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Background:  The chin and neck are related more than just by anatomic proximity. The prominence or angularity of one affects the appearance of the other one. Aesthetically it is difficult to separate one from the other. A short chin makes the neck appears less defined. Conversely a neck that is more obtuse makes the chin/jawline projection look deficient. This is maximally illustrated when the combination of a short chin and an obtuse neck occur together…which is not that uncommon.

Unlike the relationship between the nose and the chin (which is really a comparison of two projecting structures in profile at different facial levels) the chin and neck are more directly connected. One can not be changes without influencing the other. This is why it many patients need simultaneous treatment of both to get the best lower facial change.

The projection of the chin affects the perception of the length of the jawline. Various methods have been described to locate the ideal chin projection. But any of these methods must take into account the gender differences where a little less chin projection is better tolerated in females historically while more chin projection is better accepted in males. But as it relates to the neck, chin projection can be best appreciated using the mentocervical angle (90 to 120 degrees) which correlates the forehead-chin- neck point relationship which is more obtuse in females and more acute in men.

The cervicomental angle, also known as the submental-cervical angle, is affected both by natural development as well as aging. This is most visibly seen in profile where it can range from 90 to almost 180 degrees. The acceptable aesthetic range of attractiveness is most commonly seen between 95 to 115 degrees. Once this neck angle approaches 120 degrees and greater it is universally seen as unattractive/undesired. The anatomic components of the neck angle include the laxity of the submental-cervical skin, suprahyoid muscle support, subcutaneous fatty deposits and the projection of the chin/jawline.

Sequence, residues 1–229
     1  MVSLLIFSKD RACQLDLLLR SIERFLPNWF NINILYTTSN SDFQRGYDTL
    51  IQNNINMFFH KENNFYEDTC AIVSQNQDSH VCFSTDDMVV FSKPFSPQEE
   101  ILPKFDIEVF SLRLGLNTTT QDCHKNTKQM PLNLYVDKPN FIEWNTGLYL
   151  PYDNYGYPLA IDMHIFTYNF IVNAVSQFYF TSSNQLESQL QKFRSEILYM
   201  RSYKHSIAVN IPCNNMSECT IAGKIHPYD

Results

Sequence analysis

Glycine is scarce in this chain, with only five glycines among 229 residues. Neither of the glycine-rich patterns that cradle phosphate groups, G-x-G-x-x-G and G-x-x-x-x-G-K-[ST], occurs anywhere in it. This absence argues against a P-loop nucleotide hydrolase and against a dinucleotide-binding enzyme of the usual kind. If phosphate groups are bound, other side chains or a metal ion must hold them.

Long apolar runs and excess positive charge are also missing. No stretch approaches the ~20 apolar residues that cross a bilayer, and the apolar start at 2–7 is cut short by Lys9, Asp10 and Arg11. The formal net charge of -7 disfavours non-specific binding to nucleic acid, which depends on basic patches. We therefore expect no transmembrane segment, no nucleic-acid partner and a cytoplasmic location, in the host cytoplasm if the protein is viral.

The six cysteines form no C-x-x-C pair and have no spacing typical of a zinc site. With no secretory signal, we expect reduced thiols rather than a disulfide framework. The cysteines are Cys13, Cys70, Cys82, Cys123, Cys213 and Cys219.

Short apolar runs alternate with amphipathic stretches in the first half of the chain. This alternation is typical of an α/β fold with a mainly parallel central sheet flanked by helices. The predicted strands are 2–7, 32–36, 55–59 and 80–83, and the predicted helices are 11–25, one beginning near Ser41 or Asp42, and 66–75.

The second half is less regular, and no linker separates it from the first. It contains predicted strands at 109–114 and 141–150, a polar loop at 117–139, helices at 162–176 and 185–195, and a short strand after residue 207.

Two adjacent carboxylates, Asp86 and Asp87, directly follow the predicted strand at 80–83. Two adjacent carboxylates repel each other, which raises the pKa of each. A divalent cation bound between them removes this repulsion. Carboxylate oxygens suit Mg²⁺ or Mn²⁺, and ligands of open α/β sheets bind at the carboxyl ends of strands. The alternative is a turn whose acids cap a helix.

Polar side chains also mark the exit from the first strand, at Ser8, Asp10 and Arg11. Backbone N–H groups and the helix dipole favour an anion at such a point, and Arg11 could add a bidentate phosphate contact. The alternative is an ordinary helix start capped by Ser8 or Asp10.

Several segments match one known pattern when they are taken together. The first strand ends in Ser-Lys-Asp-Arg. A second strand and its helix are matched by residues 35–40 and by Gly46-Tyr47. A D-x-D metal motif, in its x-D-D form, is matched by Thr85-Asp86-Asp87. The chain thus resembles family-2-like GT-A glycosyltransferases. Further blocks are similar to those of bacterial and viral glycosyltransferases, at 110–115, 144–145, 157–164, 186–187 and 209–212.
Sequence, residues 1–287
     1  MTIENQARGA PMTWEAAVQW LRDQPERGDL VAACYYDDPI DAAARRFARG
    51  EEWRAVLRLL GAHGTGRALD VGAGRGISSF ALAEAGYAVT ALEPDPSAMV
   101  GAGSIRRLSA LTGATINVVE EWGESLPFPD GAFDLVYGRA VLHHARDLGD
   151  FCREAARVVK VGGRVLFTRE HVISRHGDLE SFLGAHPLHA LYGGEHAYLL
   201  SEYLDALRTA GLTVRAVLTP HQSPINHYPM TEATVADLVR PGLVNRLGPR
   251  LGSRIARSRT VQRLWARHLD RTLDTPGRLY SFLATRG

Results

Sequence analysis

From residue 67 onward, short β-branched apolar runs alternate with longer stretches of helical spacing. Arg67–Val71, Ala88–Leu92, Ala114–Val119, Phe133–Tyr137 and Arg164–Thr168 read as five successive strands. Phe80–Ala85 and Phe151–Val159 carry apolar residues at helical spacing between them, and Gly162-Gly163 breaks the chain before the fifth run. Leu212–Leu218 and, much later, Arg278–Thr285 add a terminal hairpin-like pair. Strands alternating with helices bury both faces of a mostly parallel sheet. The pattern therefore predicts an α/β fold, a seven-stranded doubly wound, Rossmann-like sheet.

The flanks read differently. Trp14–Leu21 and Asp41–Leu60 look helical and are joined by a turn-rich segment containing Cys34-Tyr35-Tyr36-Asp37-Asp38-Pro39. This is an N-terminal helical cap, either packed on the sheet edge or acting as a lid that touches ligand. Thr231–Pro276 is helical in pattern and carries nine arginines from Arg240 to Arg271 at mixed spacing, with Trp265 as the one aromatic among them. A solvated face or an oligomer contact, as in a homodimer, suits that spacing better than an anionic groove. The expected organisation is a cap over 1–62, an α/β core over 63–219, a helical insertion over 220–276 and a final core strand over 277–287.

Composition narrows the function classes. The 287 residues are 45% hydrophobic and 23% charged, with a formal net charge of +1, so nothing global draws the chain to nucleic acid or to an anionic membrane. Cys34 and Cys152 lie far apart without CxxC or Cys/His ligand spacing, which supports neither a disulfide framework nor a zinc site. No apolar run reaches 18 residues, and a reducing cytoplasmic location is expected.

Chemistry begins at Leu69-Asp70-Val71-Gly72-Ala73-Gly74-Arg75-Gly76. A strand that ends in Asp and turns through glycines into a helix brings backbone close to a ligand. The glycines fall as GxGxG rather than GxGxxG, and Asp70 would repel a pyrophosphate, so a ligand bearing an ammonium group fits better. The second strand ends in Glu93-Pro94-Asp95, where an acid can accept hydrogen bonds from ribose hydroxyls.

Case Study: This female desired to have an improver lower facial and neck shape. Her chin was fairly short with an obvious class II malocclusion (as judged by the lower lip position and deeper labiomental fold) and a very obtuse neck with a near 180 degree submental-cervical angle.

Under general anesthesia a 9mm anatomic chin implant was placed combined with submental/neck liposuction, both done from a submental skin incision.

The use of a chin implant and neck liposuction is a fairly standard lower facial reshaping combination. It works by dramatically lessening the cervicomental of the neck and the mentocervical angle of the face to more 90 degree shapes. Their synergistic effects allow even small changes int either one to be reflected variably in the other.

Case Highlights:

1) The projection of the chin has a major role to play in how the shape of the neck appears.

2) Increasing chin projection and improving the cervicomental angle of the neck are one of the classic diametric form of facial reshaping.

3) Chin augmentation and neck reshaping are inter related as one always directly affects the appearance of the other.

Dr. Barry Eppley

Indianapolis, Indiana

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